Your grant win became part of a broader conversation around FACTOR (a non-profit foundation that provides financial support to Canadian music artists) and some of the criticisms directed toward it, such as at the controversial Slagging Off blog.
Aaron: We’re all for criticism. We’re all for providing analysis, and scathing analysis, of these organizations. But the tone and the misplaced context, the derisive nature towards indie bands, which in our opinion has nothing to do with the conversation at all, really took that dialogue into a place that was divisive and unproductive. And for myself, personally, disheartening and saddening. So one strategy is definitely publishing and being openly critical of the system, and doing it in a constructive way, which is important. Not only saying “this thing sucks,” but explaining “it sucks, and here’s what would make it better.”
You’ve been critical of the tone of the discussion, but one of the things it did accomplish was to open up the conversation around granting, which seems to be in line with your objective of “open sourcing the world.” Is that why you decided to post your grant application online?
Aaron: One of the big hurdles we found while writing the grant is not really knowing what the granting agencies are looking for, reading these pages and pages of definitions and needs, but not having any idea of what the finished product should look like. Being able to read a completed grant makes the application process so much easier, so what we did is put our grant online and started to reach out to musicians to send us their grants so we can create a repository of them. Dan Mangan is hopefully sending in a couple of his soon.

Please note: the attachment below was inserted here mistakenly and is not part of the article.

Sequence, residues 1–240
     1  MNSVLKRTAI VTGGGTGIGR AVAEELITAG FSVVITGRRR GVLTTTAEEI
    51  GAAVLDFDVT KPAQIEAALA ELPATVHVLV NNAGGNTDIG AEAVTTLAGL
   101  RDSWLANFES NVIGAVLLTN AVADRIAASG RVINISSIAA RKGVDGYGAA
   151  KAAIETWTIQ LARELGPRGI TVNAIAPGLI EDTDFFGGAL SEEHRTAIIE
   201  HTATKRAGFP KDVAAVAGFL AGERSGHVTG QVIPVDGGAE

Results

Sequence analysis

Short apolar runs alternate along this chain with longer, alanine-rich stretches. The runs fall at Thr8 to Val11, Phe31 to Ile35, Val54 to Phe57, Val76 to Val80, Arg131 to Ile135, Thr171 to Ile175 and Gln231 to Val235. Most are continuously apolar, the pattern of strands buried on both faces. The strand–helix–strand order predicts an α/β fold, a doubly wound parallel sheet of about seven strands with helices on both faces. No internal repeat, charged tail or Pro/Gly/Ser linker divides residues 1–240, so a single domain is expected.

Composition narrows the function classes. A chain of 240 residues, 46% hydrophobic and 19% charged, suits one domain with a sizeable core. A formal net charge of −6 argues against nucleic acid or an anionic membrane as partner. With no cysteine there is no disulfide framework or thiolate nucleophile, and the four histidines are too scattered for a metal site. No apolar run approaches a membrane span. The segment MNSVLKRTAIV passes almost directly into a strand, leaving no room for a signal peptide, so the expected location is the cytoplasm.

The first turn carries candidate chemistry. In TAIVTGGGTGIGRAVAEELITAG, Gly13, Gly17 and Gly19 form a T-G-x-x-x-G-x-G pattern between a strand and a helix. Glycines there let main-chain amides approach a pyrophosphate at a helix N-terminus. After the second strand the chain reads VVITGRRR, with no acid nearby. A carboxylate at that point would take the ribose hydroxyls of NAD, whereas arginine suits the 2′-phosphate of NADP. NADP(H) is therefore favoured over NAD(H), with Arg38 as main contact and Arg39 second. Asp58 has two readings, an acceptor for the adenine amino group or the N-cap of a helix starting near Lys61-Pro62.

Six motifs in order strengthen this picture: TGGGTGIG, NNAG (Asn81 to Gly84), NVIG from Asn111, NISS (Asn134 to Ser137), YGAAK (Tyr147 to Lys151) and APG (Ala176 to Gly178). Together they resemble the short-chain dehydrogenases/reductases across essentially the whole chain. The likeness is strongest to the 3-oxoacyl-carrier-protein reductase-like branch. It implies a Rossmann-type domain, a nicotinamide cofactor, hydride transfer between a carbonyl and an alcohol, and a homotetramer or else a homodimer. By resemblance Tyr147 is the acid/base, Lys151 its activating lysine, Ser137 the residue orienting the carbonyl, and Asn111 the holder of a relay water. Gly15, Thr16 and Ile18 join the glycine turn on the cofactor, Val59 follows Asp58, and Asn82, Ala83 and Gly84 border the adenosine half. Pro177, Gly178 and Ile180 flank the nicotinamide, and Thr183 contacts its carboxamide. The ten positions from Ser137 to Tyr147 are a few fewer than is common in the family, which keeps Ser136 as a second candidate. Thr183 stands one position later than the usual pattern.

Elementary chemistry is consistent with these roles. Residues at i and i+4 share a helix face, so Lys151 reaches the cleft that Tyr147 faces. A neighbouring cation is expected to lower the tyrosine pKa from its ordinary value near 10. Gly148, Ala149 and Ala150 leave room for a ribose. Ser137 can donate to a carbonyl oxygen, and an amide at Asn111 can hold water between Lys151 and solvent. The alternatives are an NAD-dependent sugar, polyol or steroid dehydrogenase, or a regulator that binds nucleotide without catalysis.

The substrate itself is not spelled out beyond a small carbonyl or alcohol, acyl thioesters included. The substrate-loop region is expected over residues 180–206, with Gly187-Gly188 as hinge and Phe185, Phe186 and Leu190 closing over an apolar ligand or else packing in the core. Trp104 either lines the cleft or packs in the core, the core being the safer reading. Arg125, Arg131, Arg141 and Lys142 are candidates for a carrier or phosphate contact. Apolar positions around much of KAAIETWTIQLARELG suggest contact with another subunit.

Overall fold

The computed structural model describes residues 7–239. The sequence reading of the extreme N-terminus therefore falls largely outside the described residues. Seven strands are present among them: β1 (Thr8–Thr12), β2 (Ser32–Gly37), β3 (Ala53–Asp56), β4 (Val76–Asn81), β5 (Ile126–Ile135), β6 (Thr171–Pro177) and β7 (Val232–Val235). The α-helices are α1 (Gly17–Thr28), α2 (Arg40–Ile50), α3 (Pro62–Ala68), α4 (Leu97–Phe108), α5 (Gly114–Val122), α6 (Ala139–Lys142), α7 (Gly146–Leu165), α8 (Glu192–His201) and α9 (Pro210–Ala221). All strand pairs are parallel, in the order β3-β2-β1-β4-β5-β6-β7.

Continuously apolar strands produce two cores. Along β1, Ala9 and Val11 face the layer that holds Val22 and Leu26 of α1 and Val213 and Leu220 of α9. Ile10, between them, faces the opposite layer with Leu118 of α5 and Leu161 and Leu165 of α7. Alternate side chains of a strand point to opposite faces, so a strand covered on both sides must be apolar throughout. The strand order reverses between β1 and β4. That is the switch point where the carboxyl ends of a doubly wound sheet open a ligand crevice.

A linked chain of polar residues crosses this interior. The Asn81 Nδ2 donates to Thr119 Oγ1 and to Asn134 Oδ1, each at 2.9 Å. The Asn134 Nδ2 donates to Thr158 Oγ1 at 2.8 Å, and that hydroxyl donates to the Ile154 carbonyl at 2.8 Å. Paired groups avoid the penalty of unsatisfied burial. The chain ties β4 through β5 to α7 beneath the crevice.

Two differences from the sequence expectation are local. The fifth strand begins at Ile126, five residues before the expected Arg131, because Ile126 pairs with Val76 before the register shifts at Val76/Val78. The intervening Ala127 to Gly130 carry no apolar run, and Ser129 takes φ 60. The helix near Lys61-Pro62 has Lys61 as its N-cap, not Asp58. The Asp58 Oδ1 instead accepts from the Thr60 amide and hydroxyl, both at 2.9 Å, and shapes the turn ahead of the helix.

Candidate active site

Marie: We know that the pool of money can only go to a certain number of people and that by sharing grant applications we may be diminishing our future chances of getting a grant. But we believe enough in our ideas to think that if we do have a good idea it will get funded, and if other people have better ideas or want to do the things that we want to do better than us we want to let them. Even if they’re using our grant template.
You’ve also said the solution to some of the FACTOR critique would be to fund the eco-system that creates art rather than the artists themselves. That seems especially pertinent now that the Ontario government has announced they’re creating a $45 million music fund.
Aaron: When you fund these resources instead of funding the projects, the decision on where the money goes ceases to become a subjective one and instead becomes one where you’re empowering more people to create art, rather than deciding which art should be made. Right now, for example, musicians can apply to get an album funded, or a music video funded, or an album recorded. Instead of spending $10,000 on 50 videos, you could spend like $500,000 on funding an organization that teaches filmmakers how to film, gives filmmakers access to film equipment, and has a program where as a part of the learning process they work with a musician to film a video. Or fund a recording studio that is open to the public where bands can come in and record by scheduling time with them, where it can also be an educational resource for new sound engineers who want to learn their craft and trade.